Writing Accountability Group starts Friday! 4pm W2300

Dear PHCFers,

For those of you writing journal articles, master's essays, dissertations, or anything else, the Public Health Christian Fellowship is starting our own Writing Accountability Group (WAG). We will meet Fridays 4-5pm in Room W2300. It will be a great way to end the week on a productive note and then be able to head out to enjoy the weekend. Bring your work/laptop and join us!

This first meeting, we will introduce ourselves and share what our goals are through December. Then we will have 30 minutes of individual writing time. When we come back together, we will share our progress and goals for the upcoming week. We will end with prayer.

Questions? Contact Liz at lizc2008@gmail.com

Happy mid-week,
Teresa, for PHCF

P.S. Where is room W2300? It is a small classroom in the doored hallway by the 2nd floor copy machine/atrium/courtyard.

P.P.S. For those of you unfamiliar with Writing Accountability Groups, a brief description is below with link to more information. The PHCF WAG would be a bit different because we would begin with a time to pray. Students, researchers, faculty, and anyone affiliated with Hopkins are welcome!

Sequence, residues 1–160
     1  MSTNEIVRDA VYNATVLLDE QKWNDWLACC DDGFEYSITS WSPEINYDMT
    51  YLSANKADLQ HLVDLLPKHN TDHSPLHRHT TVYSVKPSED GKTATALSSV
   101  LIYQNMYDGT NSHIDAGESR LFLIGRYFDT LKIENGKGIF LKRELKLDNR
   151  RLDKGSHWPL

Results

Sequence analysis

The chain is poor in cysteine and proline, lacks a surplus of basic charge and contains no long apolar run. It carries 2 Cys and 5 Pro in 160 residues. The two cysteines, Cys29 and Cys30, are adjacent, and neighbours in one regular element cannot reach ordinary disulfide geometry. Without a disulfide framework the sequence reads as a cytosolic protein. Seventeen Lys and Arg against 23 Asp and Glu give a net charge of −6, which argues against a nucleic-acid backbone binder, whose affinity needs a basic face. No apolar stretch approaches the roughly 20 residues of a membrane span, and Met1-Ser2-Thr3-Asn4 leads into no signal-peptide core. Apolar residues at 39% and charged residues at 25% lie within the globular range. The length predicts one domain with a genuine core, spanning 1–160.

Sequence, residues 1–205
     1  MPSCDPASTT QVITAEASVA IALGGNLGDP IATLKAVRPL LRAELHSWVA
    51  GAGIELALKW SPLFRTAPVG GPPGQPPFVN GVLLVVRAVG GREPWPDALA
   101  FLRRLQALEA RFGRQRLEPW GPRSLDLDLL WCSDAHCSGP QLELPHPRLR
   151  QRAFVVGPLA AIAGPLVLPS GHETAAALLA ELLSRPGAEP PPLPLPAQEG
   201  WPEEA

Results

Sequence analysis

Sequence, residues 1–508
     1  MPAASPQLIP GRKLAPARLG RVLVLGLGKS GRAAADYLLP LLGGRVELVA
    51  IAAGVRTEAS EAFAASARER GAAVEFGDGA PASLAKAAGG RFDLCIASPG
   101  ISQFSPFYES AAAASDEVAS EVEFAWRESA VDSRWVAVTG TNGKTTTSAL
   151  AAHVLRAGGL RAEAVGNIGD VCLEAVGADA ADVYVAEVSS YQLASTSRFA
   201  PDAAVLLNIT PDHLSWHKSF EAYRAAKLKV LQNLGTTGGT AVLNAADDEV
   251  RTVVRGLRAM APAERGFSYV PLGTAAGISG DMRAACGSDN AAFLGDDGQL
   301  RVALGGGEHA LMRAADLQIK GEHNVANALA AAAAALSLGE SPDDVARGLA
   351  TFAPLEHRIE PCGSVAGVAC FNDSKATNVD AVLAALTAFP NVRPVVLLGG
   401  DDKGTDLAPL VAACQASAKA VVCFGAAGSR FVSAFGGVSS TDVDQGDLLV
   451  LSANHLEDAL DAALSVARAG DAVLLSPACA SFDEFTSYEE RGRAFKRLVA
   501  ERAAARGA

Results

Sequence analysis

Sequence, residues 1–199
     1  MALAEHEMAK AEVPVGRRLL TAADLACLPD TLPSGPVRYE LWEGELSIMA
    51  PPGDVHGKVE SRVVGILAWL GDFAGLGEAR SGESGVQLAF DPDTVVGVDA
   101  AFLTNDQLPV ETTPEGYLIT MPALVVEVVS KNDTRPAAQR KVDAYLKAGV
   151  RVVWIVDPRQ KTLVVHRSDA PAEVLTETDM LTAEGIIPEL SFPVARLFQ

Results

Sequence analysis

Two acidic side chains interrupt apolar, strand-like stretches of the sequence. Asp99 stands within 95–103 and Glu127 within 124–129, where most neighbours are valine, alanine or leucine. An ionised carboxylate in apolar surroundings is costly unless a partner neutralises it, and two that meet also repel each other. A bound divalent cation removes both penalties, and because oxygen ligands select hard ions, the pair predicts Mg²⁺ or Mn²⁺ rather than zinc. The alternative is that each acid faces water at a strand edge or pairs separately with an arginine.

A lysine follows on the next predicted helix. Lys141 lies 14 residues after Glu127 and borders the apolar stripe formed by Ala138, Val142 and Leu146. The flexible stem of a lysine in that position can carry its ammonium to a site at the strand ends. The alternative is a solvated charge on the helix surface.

Writing Accountability Groups: an overview (more info here)
  • What are they? WAGs are peer-facilitated, weekly writing groups designed to get you writing regularly.
  • What do you do in a WAG? ​​You meet with your fellow WAG members (4-8 members per group) for one hour a week over a 10-week period. During the weekly WAG session, you will be engaged in some form of a writing activity for 30 minutes and the remaining 30 minutes are spent goal-setting and reporting on progress. 
  • Why do WAGs exist? WAGs exist to help people establish good writing habits (and learn time management and organization skills). The focus is on the writing process, not writing outcomes; there is no content review of writing.WAGs are also good opportunities to build professional and personal relationships. 
  • Do WAGs work?​​ Yes, we have pre-post assessment data showing that WAGgers report increased writing frequency (writing daily or almost daily vs. monthly or rarely) and reduced writing session duration (participants report writing for shorter periods of time [desired outcome]). WAGgers also report better time management and organization skills.

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